Perceptions of Mexican American at-risk students in the completion and non-completion of school in alternative learning environments

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Barrera, Hector Rangel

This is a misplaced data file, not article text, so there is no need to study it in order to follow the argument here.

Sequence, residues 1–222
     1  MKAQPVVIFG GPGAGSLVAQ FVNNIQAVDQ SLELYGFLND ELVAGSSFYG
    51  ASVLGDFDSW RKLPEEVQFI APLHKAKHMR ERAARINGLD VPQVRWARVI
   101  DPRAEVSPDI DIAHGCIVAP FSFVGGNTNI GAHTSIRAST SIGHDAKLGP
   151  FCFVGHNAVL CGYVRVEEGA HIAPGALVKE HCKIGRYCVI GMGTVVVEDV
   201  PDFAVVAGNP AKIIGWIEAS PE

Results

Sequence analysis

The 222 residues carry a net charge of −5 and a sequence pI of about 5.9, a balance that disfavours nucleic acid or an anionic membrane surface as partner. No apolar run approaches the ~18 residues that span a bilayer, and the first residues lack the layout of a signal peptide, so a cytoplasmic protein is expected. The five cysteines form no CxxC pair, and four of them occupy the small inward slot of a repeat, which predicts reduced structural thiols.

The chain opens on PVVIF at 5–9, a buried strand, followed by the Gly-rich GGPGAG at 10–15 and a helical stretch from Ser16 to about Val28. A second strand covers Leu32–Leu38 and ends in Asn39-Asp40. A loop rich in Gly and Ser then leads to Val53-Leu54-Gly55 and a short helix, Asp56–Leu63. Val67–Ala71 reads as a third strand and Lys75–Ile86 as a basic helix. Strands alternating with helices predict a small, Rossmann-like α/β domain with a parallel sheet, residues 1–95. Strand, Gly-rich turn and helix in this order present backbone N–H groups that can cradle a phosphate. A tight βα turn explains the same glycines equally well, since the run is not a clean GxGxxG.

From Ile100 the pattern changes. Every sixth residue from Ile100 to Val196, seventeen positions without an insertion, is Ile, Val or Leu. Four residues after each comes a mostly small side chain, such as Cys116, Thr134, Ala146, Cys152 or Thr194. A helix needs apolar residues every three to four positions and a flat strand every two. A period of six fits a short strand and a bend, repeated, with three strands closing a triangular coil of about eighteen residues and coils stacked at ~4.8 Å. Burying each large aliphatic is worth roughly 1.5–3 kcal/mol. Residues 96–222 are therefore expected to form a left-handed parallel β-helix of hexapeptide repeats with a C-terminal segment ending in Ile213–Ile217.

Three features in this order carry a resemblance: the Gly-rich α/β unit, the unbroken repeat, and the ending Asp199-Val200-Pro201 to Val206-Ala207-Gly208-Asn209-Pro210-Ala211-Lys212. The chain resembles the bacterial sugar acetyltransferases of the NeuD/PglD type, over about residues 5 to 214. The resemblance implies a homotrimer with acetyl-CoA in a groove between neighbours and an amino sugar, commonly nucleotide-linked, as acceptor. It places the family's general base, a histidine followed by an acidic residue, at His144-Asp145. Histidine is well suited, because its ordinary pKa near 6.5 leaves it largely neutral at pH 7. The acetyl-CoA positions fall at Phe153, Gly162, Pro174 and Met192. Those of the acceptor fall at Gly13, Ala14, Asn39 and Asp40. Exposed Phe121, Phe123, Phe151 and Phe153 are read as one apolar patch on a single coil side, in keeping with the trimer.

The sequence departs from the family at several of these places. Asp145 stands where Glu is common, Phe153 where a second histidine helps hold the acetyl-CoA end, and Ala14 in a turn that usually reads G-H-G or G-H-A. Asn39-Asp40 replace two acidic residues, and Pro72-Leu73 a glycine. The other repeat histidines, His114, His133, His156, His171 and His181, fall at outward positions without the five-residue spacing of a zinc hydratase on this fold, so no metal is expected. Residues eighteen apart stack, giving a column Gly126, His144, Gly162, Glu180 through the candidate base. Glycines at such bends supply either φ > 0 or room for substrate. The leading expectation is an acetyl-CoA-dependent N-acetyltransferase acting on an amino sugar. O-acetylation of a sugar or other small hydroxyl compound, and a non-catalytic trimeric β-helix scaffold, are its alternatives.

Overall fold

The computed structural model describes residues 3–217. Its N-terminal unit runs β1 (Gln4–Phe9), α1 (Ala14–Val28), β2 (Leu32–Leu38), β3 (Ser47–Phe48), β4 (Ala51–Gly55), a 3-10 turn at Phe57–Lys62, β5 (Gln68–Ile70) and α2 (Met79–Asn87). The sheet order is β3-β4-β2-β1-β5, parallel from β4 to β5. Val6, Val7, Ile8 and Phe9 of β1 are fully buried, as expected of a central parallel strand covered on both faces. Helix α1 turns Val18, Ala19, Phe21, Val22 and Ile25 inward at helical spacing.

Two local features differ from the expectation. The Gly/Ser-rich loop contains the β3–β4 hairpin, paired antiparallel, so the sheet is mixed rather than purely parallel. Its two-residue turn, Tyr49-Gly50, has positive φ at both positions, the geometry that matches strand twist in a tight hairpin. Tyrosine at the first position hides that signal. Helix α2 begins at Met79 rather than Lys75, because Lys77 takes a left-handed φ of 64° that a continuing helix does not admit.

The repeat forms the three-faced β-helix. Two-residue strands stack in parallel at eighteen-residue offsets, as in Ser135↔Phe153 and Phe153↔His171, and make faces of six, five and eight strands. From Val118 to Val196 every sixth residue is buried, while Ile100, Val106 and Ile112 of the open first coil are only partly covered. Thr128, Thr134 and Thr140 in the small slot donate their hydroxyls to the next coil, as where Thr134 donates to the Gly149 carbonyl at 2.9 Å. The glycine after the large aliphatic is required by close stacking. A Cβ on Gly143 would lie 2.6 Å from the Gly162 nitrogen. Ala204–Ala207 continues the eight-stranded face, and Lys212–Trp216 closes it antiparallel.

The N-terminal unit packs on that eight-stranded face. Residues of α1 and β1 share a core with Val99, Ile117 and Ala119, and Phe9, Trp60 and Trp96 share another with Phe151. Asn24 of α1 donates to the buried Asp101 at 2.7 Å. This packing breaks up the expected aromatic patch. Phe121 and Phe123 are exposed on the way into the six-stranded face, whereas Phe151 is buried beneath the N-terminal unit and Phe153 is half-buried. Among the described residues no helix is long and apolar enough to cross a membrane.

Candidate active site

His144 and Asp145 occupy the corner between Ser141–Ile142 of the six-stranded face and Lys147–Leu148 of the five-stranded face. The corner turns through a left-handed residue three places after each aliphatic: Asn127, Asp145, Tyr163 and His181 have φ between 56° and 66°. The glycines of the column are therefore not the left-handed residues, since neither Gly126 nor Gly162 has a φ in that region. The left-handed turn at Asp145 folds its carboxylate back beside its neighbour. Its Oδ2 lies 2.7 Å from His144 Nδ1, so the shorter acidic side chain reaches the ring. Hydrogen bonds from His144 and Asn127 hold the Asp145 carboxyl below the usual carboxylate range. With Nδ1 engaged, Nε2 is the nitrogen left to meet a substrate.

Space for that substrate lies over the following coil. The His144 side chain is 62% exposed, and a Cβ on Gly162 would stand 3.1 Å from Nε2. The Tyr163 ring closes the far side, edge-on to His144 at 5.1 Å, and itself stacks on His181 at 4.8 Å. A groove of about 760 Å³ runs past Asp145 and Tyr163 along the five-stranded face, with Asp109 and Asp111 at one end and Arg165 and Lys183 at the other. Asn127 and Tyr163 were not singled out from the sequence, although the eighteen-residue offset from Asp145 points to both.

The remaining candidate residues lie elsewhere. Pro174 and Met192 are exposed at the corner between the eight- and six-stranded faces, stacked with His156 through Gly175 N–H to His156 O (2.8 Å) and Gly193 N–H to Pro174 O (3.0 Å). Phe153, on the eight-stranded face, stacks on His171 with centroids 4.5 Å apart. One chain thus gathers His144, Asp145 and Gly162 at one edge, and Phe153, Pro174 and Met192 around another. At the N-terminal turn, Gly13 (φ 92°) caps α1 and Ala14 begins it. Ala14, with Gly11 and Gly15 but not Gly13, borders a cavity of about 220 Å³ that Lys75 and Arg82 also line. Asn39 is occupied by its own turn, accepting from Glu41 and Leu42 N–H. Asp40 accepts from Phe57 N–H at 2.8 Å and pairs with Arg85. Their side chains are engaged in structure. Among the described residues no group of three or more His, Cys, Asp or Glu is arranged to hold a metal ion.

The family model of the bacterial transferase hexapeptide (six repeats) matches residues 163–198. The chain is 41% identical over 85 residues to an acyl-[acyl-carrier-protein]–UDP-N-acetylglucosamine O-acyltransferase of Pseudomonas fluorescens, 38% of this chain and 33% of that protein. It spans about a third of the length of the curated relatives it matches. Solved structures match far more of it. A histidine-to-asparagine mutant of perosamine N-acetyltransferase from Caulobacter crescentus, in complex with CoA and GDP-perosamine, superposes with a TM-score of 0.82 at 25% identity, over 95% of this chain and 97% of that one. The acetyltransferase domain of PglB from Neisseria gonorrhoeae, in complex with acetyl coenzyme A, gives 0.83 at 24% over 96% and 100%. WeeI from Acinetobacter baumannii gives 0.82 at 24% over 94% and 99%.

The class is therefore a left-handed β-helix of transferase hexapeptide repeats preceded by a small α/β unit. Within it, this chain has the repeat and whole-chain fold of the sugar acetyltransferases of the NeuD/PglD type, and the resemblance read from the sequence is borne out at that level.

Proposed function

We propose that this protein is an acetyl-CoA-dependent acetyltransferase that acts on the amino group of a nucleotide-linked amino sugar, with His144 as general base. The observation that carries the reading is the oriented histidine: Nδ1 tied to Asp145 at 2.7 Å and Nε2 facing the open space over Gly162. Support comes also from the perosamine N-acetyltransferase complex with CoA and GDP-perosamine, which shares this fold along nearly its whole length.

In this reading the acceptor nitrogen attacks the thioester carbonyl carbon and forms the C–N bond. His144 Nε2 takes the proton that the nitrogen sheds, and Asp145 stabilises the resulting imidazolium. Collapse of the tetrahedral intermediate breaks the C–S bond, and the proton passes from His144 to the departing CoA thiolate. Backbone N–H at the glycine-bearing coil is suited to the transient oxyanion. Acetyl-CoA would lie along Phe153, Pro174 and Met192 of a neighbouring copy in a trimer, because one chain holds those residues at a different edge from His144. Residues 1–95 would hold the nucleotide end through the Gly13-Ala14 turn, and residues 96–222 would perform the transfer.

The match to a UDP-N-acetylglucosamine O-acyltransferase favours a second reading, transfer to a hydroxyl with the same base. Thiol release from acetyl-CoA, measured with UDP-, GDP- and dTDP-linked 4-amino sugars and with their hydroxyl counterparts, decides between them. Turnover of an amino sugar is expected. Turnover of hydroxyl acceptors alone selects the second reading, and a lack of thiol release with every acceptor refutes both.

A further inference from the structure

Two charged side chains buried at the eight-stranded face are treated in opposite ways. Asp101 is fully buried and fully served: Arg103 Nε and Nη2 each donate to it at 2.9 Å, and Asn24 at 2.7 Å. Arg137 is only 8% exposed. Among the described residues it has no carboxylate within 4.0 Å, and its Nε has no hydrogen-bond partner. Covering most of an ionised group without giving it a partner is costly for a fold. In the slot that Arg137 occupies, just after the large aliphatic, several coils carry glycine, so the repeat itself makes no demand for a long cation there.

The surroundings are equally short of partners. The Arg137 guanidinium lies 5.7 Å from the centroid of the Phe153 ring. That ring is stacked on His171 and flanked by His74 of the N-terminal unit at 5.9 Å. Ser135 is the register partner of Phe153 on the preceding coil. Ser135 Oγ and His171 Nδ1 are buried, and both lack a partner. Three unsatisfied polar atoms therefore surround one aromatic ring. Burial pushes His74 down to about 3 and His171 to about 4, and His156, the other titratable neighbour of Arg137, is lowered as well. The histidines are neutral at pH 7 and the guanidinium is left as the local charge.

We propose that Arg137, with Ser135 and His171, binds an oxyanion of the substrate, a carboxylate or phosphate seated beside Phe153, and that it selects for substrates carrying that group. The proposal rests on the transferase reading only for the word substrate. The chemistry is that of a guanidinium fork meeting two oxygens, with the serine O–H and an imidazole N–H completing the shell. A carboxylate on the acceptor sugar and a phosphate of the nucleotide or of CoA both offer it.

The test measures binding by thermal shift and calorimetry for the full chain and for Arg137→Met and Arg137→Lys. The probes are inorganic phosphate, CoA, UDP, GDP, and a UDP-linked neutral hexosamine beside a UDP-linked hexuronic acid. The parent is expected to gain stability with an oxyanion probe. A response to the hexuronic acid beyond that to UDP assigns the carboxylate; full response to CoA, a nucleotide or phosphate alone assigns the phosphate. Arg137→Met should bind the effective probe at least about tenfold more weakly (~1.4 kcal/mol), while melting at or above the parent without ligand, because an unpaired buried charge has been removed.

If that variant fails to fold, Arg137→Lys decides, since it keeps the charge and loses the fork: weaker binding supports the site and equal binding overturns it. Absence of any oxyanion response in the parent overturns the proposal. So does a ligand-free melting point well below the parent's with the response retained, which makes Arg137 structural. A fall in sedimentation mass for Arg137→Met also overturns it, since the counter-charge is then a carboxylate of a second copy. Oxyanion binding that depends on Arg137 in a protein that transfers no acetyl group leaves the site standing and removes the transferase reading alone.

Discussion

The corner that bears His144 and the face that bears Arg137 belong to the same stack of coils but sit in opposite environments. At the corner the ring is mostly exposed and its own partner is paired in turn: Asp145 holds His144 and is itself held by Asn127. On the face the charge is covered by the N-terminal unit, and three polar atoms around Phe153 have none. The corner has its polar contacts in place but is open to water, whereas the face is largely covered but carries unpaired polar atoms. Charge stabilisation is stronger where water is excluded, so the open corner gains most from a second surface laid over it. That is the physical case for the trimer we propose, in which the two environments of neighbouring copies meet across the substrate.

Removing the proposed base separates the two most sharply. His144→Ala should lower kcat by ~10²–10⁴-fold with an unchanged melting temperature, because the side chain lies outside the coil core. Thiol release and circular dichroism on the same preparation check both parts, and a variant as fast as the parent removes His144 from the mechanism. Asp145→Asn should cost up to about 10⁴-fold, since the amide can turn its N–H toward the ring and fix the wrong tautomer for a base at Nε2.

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This dissertation evolved as a result of the expansion of alternative educational environments serving at-risk students – especially the disproportioned number of minority students. The study attempts to understand the perceptions of Mexican American at-risk students’ experience in the completion or non-completion of a high school diploma in the alternative educational environment. The study found that non-completion participants had previously dropped out or were disconnected from the regular school before attending the alternative learning environment while completion participants had made the transfer without a break between the two educational environments. The study suggests that the educational system separates students to the alternative learning environment in order to improve academic and behavioral performance but, because of the lack of physical and academic resources, unintentionally establishes low-expectations, creating a second class separate educational environment. The study further suggests that the intention to separate, support, and nurture has consequently evolved into a separate educational experience for at-risk students that fringes on past educational practices of separate but equal.